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Since when did immigrants become the enemy?
Suddenly, Americans have begun to see migrant workers as dangerous and violent, says Luisita Lopez Torregrosa in Politics Daily. It hasn't always been that way
Arizona's immigration law has inflamed passions on both sides of the debate.
Arizona's immigration law has inflamed passions on both sides of the debate.
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or a long time, Americans saw illegal aliens simply as hard workers in search of a better life, says Luisita Lopez Torregrosa in Politics Daily. Increasingly, though, they're being portayed and seen as "unreliable day laborers," drug mules or "rapists." Incidents of violence against Latino immigrants — both legal and illegal — are on the rise, and some mainstream Republicans are calling for a repeal of America's 150-year tradition of "birthright citizenship." Perhaps it's the flailing economy or the "division and intolerance" preached by cable news. Or maybe our country simply isn't the "kinder, gentler" place so many of us thought it to be. An excerpt:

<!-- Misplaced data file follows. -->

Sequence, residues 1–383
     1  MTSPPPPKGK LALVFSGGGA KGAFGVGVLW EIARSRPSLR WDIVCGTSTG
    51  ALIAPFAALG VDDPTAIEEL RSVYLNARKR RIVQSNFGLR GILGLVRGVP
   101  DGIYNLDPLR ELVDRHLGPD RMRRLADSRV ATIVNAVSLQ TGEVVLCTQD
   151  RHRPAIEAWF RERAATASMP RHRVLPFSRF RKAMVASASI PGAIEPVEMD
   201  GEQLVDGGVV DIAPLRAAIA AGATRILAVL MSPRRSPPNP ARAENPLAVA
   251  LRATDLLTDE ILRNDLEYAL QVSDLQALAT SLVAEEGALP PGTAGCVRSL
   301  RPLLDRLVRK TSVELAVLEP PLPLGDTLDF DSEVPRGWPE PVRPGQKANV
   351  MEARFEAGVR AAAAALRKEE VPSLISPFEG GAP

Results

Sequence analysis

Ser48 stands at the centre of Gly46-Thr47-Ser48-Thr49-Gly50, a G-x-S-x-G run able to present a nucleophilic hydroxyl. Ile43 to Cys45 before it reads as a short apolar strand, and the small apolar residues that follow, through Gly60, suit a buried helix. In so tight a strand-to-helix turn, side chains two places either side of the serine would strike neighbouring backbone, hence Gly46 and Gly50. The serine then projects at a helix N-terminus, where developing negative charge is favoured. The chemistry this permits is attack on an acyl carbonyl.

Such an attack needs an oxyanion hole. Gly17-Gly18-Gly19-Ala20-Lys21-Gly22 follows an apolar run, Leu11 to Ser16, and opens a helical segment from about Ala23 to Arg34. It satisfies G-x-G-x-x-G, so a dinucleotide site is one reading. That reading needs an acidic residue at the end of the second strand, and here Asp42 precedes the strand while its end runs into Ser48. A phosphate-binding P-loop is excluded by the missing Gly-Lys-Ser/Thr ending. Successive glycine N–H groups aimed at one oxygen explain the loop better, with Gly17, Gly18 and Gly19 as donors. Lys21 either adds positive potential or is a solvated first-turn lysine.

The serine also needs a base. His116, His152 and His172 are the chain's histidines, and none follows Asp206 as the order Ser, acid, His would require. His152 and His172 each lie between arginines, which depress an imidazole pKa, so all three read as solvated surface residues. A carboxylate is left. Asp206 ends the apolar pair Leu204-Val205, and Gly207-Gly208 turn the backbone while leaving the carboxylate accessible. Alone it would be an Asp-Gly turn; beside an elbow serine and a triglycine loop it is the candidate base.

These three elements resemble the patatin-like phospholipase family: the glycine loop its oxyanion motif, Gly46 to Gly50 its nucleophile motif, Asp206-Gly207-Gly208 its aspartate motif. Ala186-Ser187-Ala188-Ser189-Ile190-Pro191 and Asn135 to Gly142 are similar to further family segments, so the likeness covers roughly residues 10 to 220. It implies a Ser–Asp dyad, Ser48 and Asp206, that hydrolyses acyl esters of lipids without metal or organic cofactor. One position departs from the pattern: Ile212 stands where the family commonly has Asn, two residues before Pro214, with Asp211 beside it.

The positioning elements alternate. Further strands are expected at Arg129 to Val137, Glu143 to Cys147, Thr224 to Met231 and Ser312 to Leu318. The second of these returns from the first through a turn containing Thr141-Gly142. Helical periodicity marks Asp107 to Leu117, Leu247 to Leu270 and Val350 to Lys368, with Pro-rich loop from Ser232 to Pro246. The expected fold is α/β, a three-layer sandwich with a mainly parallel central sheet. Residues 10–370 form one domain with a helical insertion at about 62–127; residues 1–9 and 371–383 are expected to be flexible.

As Francis Fukuyama, a professor of international political economy at Stanford University, wrote in the Wall Street Journal recently, "It is perfectly true that the simple fact of being an illegal immigrant induces one to break further laws.''

But he argues that illegal immigrants, who come from the underclass of their native countries and have no knowledge of rules of law, are not criminals. He likes to describe them as "informal" rather than "illegal," meaning they want the same things that every immigrant to America has sought: to work and improve their condition.

Perhaps. It may be that the Fukuyama perspective and plea for understanding of cultures and classes are a little bit too complex for people who are worried about the foreigner with the thick accent and the shifty eyes. It's easier to dump all illegal immigrants in one bag and let it go at that.

Read the full article at Politics Daily.

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